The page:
5 Lost Colleges & Universities of the Inner City

October 22, 2015 4 comments Open printer friendly version of this article Print Article

Many would like to see an urban university grow up in the heart of the city. Here's five schools that got away.



3. William J. Porter University



In 1934, William J. Porter established the William J. Porter University as a private two-year college. Initially classes were held in the First Baptist Church's Educational Building downtown. Only 60 students were enrolled for the first year.

In 1935, the school's name was changed to Jacksonville Junior College (JJC) and classes were moved to the Haddock Business University classrooms at 517 Laura Street. The following year, the school relocated to the Florida Theatre Building, occupying the entire second floor. While downtown, JJC colors changed from scarlet and white to green and white. In 1944, the school moved again. This time, it relocated to the Kay Mansion at 704 Riverside Avenue. This location would be short lived as well with the building sitting in the path of what would eventually become the Fuller Warren Bridge. However, during the school's stay in Riverside, the name "Green Dolphins" was selected through a student contest. Other options considered included the Green Raiders, Green Marlins, Buccaneers, Juggernauts and Green Dragons.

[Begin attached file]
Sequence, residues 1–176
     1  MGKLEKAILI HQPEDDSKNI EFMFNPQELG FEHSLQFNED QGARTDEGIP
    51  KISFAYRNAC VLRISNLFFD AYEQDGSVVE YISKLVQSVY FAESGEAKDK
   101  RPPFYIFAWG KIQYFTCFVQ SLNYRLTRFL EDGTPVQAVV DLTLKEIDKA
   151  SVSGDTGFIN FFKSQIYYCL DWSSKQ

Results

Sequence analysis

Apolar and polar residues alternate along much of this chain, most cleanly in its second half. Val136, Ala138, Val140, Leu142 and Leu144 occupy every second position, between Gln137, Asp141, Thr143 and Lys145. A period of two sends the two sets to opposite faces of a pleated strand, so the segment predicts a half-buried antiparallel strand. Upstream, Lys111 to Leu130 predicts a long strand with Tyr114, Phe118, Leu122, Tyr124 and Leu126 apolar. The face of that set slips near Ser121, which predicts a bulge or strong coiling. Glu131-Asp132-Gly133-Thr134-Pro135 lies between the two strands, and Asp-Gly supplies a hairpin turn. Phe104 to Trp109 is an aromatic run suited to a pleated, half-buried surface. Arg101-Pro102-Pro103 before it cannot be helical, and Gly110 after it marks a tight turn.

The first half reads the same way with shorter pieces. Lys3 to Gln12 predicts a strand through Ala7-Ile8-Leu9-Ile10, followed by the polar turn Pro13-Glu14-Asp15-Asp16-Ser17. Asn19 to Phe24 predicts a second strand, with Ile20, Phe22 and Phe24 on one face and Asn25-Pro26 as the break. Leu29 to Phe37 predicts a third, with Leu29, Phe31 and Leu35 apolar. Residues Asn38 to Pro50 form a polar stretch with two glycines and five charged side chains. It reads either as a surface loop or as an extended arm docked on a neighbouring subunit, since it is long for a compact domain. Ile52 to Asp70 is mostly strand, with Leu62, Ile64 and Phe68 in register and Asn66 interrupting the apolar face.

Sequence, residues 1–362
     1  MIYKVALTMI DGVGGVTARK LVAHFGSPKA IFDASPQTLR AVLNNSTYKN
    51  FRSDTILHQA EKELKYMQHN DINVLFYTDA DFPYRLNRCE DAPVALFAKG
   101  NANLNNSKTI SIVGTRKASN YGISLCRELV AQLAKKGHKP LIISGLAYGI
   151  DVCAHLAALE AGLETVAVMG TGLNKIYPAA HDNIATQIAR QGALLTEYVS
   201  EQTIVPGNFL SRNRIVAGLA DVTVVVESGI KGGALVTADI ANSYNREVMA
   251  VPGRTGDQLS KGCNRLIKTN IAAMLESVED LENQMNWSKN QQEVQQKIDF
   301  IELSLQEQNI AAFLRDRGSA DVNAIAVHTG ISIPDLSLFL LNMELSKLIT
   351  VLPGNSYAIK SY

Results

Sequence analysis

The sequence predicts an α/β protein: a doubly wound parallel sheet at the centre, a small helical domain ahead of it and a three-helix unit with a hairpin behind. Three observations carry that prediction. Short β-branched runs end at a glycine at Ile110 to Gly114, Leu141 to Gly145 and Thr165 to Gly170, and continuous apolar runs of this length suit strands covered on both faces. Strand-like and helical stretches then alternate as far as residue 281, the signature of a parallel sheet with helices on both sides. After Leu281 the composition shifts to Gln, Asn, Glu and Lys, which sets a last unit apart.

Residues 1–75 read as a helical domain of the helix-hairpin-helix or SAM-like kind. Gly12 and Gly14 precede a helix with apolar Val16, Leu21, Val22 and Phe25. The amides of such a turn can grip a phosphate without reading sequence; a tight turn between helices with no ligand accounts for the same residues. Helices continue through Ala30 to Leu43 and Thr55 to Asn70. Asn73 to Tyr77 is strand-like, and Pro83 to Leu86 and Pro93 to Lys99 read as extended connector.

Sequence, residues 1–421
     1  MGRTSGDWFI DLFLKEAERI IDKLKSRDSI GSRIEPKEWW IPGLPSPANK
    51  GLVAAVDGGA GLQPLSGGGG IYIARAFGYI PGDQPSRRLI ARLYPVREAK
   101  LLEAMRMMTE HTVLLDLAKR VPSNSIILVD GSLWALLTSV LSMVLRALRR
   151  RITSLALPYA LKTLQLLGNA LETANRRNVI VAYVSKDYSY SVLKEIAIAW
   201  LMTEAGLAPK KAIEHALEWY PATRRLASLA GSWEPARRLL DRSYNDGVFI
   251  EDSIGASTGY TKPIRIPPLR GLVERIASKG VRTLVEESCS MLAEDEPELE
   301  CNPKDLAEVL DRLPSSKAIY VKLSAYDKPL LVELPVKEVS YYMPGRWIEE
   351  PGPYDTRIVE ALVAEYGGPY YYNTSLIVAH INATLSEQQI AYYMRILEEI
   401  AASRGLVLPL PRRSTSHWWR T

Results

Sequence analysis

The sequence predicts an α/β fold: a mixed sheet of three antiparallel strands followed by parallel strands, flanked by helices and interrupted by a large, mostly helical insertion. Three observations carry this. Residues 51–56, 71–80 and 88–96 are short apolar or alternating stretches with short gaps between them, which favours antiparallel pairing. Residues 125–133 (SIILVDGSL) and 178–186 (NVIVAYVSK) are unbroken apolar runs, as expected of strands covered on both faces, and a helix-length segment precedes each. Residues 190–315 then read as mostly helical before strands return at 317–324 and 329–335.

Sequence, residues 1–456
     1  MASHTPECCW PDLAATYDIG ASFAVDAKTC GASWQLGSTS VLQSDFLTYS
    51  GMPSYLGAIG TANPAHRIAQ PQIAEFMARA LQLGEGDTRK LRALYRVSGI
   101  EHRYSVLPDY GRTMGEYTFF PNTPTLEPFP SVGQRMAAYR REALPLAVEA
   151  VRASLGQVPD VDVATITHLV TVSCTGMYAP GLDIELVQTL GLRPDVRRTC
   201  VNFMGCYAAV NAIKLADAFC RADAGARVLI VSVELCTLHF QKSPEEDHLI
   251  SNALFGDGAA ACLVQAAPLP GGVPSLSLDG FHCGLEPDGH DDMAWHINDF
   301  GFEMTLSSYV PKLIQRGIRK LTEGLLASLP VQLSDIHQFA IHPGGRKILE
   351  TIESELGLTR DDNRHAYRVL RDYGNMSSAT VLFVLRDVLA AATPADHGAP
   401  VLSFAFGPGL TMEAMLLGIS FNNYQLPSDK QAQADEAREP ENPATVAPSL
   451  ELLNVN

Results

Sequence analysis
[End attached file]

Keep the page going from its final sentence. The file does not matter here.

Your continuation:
Model of plan for Jacksonville University's campus in 1961. State Archives of Florida, Florida Memory, http://floridamemory.com/items/show/42275

Enrollment exploded with a large influx of students after the end of World War II, requiring the school to secure a permanent location. A riverfront site in Arlington was the school's selected location. In 1950, the Jacksonville Junior College relocated to Arlington with its first classes beginning on December 7th. JJC became Jacksonville University in 1958. In the following years, it developed into a fully accredited senior college.

With an enrollment of +3,700 students and +180 academic staff, Jacksonville University has grown to become a notable local educational institution offering over 70 majors and programs at the undergraduate level, as well as several Master's and doctorates programs at its 240-acre Arlington campus.


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